Jeffrey Gold would be the first to admit that losing your job can have some positive consequences.
Gold was working as an engineer when he was laid off in October 2001. When he suddenly found himself with a great deal of free time on his hands, Gold was able to devote his energy and full attention to something that has always been a passion with him — making movies.
"I would love to spread the word around to let yourself get downsized," Gold said. "It's allowed me to devote more time to the things I love to do."
However, there is also a downside to being downsized. "I'm not denying that there is a difficult financial aspect to losing your job," Gold said. "In order to pursue your goals as an artist, you need to cut down your expenses to a minimum."
He has done that, and he doesn't regret anything. "Unless you're very fortunate, you need to make a decision between money and time. And time is more important for me."
Gold teaches film and screenwriting at Salt Lake City College. He is also now the director of marketing for the Park City Film Music Festival, which is currently in full swing. "That's just a big way of saying I'm promoting the festival and helping out with the connections I have."
He became involved with the festival last year, after submitting his film "Abby Singer." "Paul Wood, the executive producer, had found out about this brand-new festival. I had never seen a film-music festival before, and it was right in our back yard.
"We sent the film in, and it ended up winning the jury-choice award for its score."
The Park City Film Music Festival, which is now in its second year, is the first of its kind in the United States and quite possibly in the world. And Gold feels the festival has a great deal of untapped potential.
"It's going to be big. Not as big as Sundance, because of its limited audience, but it has the potential to make an impact. And it's also going to expand to other things, too."
Gold's background is about as far removed from filmmaking as possible. He studied physics and mathematics at the University of Utah, publishing eight papers while an undergraduate. He later went to Cambridge, England, for further studies in physics.
It was a class Gold took shortly before graduating that fired up his creative instincts. "I took a film class while I was finishing up at the U., and I caught the bug, as they say."
Gold is a renaissance man. In addition to producing films, he is also a screenwriter and composer. He co-wrote the love song and end-title song of "Abby Singer" with his friend, fellow composer/singer/songwriter Paul Luscher.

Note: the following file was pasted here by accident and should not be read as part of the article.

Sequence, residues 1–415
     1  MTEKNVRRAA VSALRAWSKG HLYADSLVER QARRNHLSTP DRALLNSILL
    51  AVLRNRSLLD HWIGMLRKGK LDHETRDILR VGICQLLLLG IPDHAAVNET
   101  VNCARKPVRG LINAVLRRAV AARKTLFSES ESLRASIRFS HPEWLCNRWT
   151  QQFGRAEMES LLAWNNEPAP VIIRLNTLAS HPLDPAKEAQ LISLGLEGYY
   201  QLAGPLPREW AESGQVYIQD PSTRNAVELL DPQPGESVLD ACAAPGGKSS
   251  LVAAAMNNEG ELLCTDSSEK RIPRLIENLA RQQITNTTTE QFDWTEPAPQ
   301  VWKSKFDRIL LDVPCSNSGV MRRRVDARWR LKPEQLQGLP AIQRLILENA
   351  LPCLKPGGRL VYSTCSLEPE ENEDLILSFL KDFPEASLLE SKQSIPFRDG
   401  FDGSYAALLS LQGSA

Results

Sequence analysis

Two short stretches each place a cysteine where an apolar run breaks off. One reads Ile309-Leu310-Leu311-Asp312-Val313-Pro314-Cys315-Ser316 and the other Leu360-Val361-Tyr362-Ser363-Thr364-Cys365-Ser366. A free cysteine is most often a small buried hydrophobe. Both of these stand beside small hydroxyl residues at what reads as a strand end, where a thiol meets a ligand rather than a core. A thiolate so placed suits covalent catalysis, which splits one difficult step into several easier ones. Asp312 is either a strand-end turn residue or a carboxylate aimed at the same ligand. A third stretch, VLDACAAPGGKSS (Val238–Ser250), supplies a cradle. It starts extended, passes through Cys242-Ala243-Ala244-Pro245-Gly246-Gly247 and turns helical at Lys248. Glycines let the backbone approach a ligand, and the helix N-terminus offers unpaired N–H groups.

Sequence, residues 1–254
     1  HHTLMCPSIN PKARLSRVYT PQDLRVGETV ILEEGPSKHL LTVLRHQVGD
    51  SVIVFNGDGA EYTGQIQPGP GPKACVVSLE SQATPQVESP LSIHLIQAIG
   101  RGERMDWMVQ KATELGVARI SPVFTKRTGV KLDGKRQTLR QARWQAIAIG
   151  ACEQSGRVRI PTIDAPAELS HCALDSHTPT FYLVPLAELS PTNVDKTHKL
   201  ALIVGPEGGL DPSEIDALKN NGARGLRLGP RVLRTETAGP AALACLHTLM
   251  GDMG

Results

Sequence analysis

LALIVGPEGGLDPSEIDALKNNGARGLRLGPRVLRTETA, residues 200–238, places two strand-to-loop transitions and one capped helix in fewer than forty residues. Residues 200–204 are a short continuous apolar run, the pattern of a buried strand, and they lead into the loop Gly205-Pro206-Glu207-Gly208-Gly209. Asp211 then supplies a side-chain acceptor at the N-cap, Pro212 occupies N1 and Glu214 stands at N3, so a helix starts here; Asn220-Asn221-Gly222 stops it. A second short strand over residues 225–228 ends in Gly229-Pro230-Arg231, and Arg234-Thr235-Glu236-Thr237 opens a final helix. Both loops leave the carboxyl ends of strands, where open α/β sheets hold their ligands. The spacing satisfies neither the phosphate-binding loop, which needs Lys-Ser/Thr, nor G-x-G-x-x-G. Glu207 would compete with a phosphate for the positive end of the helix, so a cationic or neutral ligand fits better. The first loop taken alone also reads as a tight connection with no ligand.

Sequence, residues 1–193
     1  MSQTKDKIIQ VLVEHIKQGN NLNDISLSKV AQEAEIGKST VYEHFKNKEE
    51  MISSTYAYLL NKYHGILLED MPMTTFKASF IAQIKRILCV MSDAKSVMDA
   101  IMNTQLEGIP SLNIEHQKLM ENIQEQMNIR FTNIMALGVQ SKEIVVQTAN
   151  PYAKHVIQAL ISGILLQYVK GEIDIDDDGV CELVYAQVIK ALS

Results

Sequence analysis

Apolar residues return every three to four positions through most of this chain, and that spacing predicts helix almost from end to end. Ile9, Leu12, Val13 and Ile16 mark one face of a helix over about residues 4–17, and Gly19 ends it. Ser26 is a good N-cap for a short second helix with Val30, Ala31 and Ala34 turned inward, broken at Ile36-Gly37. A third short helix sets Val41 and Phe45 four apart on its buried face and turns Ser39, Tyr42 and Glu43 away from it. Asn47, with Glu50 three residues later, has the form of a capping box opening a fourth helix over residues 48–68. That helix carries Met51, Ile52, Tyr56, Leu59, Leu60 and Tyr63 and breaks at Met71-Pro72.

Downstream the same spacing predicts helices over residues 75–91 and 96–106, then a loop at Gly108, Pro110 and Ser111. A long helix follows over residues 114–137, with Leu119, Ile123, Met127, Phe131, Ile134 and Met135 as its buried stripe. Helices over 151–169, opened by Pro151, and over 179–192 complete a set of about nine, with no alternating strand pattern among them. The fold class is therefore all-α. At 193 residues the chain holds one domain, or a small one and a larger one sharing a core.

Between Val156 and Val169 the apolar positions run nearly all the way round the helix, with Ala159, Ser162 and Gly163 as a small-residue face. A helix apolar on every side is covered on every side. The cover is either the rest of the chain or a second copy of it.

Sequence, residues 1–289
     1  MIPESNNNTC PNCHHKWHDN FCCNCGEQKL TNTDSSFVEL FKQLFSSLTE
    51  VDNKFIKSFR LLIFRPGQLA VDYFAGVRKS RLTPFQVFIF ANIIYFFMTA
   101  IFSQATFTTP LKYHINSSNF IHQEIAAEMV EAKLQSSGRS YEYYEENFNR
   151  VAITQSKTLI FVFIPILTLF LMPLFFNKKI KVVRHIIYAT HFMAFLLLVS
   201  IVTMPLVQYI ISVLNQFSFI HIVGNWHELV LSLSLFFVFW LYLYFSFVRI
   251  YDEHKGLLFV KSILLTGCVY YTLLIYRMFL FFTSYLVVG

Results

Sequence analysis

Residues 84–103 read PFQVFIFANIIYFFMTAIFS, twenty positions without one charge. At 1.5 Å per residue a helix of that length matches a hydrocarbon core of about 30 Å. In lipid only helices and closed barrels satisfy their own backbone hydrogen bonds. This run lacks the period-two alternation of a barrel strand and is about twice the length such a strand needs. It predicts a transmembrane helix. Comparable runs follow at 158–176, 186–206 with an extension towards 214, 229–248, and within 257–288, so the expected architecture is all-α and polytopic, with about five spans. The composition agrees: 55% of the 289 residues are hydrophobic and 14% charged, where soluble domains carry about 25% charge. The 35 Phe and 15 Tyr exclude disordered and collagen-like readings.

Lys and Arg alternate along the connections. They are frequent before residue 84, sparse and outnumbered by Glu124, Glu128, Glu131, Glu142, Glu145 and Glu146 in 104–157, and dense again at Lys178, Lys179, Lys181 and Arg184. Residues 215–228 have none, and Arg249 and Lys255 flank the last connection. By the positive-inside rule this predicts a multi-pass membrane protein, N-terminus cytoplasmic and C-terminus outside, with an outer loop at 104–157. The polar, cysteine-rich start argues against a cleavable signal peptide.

Among his other music credits, Gold composed the main theme for the Ken Verdoia-produced documentary "Promontory," which aired on KUER-TV in 2002, which he said was a wonderful experience. "Ken Verdoia has such an excellent reputation in the film community. Having my music chosen moved me up to the next level. And it's just another indication that I've got to work harder."
Gold admitted that he continually pushes himself. "You never stop learning. You need to improve your craft and interact with people, especially those who are better at their craft than you are."
Self-taught as a musician — except for a few lessons when he was around 10 — Gold has an inquisitive nature, which he says has helped him tremendously. "I have to find out things for myself. I need to try everything out myself."
It wasn't until he was a student at the U. that Gold started dabbling in music. "I had a friend who studied music. He had some music equipment at his house, and I started playing around on his electronic piano. . . . I used one finger to play the piano, and I was hitting all the right keys."
While attending the U. film class, Gold decided to do the score for one of his student films. "What I wrote worked for me. I found the right tone for the film."
Gold said he grew up surrounded by classical music. "The influence of classical music in our house was very strong. My father is a singer, and he had all the great works at home."
One of those works, which made a deep impression on him as a boy, was Gustav Holst's "The Planets." Gold said that he was always attracted to music with a powerful visual element. "The pieces that I really tap into aren't music for music's sake, but works that have a cinematic quality. I respond to that."
Gold said he doesn't really consider himself a composer so much as "a film composer. I have an instinct for knowing what works or doesn't work. I feel I can make a contribution as a film composer."
If you go
What: The Park City Film Music Festival
Where: Screening Room, Park City Main Street Mall (333 Main), and Dumke Recital Hall, David Gardner Hall, University of Utah
When: Through Jan. 30
How much: $10 per film, $30 for an all-day pass ($5 for students at U. screenings)
On the Web: